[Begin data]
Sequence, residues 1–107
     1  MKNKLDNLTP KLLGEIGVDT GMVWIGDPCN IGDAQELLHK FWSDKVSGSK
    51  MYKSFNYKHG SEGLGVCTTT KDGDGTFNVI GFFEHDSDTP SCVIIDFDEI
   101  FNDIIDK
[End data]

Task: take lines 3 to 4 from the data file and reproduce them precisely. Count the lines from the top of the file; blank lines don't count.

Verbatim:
    51  MYKSFNYKHG SEGLGVCTTT KDGDGTFNVI GFFEHDSDTP SCVIIDFDEI
   101  FNDIIDK